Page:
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The Modern Myths

Adventures in the Machinery of the Popular Imagination

The Modern Myths

Adventures in the Machinery of the Popular Imagination

With The Modern Myths, brilliant science communicator Philip Ball spins a new yarn. From novels and comic books to B-movies, it is an epic exploration of literature, new media and technology, the nature of storytelling, and the making and meaning of our most important tales.

Myths are usually seen as stories from the depths of time—fun and fantastical, but no longer believed by anyone. Yet, as Philip Ball shows, we are still writing them—and still living them—today. From Robinson Crusoe and Frankenstein to Batman, many stories written in the past few centuries are commonly, perhaps glibly, called “modern myths.” But Ball argues that we should take that idea seriously. Our stories of Dracula, Dr. Jekyll and Mr. Hyde, and Sherlock Holmes are doing the kind of cultural work that the ancient myths once did. Through the medium of narratives that all of us know in their basic outline and which have no clear moral or resolution, these modern myths explore some of our deepest fears, dreams, and anxieties. We keep returning to these tales, reinventing them endlessly for new uses. But what are they really about, and why do we need them? What myths are still taking shape today? And what makes a story become a modern myth?

In The Modern Myths, Ball takes us on a wide-ranging tour of our collective imagination, asking what some of its most popular stories reveal about the nature of being human in the modern age.

An audiobook version is available.

368 pages | 60 halftones | 6 x 9 | © 2021

Film Studies

Folklore and Mythology

Literature and Literary Criticism: General Criticism and Critical Theory


"Ball does an impressive job with the literary histories behind each iconic title, assembling a set of origin stories rich in cultural history and imagination. . . . To Ball, mythic writing is where the conditions of irrationality, superstition, and enchantment persist: forms of wonder that depend on the disconnect between what we know for sure and what we simply believe."

Sophie Gee | New York Times Book Review

"Myths themselves commonly embody the religious beliefs of ancient or preliterate peoples, but Ball suggests that we are still generating them. Subtitled Adventures in the Machinery of the Popular Imagination, his book, The Modern Myths, cogently argues for the originality and potent cultural resonance of Robinson Crusoe, Victor Frankenstein and his creature, Sherlock Holmes, Dracula, alien invaders like those of H.G. Wells’s War of the Worlds, Batman, and even zombies. All these soon escaped from their original creators’ control and are now at large, their stories capable of multiple and even conflicting interpretations. The key to the mythic mode, asserts Ball, is ambivalence."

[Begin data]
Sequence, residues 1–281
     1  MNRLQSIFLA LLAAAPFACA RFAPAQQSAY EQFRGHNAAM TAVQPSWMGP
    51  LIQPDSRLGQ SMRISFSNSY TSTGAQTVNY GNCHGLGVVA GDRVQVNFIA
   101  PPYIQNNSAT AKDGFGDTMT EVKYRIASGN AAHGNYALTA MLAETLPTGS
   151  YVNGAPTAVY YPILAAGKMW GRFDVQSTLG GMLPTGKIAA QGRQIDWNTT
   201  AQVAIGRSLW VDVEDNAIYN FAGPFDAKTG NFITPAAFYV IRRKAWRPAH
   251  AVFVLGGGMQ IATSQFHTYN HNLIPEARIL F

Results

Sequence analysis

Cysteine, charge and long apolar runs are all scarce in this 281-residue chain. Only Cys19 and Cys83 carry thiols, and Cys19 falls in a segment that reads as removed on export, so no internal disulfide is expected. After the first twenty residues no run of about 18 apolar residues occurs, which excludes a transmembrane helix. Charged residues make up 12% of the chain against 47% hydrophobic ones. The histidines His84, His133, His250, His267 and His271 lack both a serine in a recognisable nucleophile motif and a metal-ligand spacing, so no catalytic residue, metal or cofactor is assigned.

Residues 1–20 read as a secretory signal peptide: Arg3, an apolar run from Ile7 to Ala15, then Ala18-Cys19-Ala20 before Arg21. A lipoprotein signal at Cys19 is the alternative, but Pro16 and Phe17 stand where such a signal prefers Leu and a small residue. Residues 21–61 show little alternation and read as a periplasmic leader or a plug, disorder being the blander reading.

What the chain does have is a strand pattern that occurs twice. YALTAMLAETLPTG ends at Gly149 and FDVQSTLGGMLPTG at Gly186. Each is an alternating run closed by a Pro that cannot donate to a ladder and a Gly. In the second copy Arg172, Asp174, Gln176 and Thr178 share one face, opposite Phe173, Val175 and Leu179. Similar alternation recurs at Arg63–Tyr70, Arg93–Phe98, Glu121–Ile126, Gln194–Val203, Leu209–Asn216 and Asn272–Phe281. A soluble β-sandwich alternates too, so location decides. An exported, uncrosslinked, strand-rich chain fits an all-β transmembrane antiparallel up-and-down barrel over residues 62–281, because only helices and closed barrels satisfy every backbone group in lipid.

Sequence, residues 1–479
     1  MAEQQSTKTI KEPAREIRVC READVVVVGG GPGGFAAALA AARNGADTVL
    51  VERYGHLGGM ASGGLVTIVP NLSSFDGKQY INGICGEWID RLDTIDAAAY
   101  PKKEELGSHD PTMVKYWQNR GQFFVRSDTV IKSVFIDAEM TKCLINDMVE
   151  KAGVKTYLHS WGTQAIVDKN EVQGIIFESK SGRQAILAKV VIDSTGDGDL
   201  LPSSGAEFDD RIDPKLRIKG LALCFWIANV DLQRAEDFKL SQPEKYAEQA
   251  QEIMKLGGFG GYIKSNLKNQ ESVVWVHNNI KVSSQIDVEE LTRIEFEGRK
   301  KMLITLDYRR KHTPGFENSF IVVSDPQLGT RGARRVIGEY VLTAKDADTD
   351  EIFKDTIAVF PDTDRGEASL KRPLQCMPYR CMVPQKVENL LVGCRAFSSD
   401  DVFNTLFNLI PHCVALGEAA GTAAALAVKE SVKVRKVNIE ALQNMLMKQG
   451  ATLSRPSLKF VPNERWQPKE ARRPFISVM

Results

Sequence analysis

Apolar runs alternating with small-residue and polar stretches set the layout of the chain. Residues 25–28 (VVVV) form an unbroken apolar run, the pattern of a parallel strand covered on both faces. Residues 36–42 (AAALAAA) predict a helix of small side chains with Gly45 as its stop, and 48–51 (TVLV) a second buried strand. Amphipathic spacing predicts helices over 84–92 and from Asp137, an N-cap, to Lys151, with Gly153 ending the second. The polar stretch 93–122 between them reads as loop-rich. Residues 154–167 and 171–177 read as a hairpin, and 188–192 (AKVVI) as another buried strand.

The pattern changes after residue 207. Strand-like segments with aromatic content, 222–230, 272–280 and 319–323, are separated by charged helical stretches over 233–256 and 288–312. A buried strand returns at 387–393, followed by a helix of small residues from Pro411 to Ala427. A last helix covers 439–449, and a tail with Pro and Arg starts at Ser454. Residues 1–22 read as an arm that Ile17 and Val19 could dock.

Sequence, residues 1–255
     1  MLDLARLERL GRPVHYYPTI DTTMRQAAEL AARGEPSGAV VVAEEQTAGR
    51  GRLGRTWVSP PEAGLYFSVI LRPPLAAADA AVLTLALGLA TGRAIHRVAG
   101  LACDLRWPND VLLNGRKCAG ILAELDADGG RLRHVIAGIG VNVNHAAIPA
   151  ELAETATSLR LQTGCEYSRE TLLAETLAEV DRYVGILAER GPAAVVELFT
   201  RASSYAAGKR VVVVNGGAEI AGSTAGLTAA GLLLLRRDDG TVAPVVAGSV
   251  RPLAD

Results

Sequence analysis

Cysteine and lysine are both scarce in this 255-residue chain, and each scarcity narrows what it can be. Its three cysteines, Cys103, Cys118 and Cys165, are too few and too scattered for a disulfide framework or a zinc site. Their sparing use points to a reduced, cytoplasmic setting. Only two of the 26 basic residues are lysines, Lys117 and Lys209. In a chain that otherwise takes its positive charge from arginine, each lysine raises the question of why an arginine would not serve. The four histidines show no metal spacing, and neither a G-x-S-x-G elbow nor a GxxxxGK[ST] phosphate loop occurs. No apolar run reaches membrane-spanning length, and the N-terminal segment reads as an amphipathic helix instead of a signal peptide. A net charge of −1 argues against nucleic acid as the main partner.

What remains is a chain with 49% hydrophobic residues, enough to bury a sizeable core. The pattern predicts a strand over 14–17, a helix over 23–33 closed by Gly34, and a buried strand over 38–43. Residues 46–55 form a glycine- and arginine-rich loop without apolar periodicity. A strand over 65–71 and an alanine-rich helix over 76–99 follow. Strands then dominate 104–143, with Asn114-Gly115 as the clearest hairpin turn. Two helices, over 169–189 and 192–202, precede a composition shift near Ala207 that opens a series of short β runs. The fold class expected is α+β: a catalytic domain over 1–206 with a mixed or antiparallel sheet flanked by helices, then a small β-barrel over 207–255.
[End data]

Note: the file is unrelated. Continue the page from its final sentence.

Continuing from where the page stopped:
Michael Dirda | Washington Post

"A persistent myth of the modern West is that it has outgrown the need for myths, along with religion, magic and other 'irrational' beliefs of the benighted past. This triumphalist story of rationality was proclaimed by Enlightenment philosophers and documented by later social scientists; through the 1990s, 'the disenchantment of the world' became an incantation within the parched groves of academe. Ball is among those who counter that enchantment and modernity aren’t incompatible. In The Modern Myths, he makes a persuasive case that myth isn’t gone but can be found in stories closer to our current obsessions such as science and technology, globalization and individual psychology. . . . His provocations to debate are among the book's many pleasures."

Michael Saler | Wall Street Journal

"Ball makes a case that myths are not things of the past. Modern myths, Ball posits, are still being written and are just as crucial and revelatory as ancient ones."

Publishers Weekly

"From acclaimed popular science writer Ball comes a fresh look at the modern legends that shape our perception of reality. Stories like Dracula, Batman, Sherlock Holmes, or Frankenstein, which we keep retelling and reimagining, are doing the kind of cultural work that ancient myths and fairy tales once did. How do they operate, and why do we need them? And what tales will come to be the new myths of the future?"


"Modern myths—of which Ball identifies seven, starting with Robinson Crusoe and ending with Batman—are not, despite their origins in specific texts, so much singular narratives as ‘evolving web[s] of many stories—interweaving, interacting, contradicting each other’—but with one thing in common: ‘[A] rugged, elemental, irreducible kernel charged with the magical power of generating versions of the story.’ This fecund capacity to produce new narratives is what allows these myths to do their ‘cultural work’: they ‘erect a rough-hewn framework on which to hang our anxieties, fears, and dreams.’"

Rob Latham | Los Angeles Review of Books

“Aquarians love people, and they love their stories, too—that’s one of the reasons they make such great writers (and readers). They will be fascinated and inspired by this book, which investigates many of our ‘modern myths’—what they are, why we love them, and why we need them, from Dracula to Sherlock Holmes. They’re all stories we know—but what do they know about us?”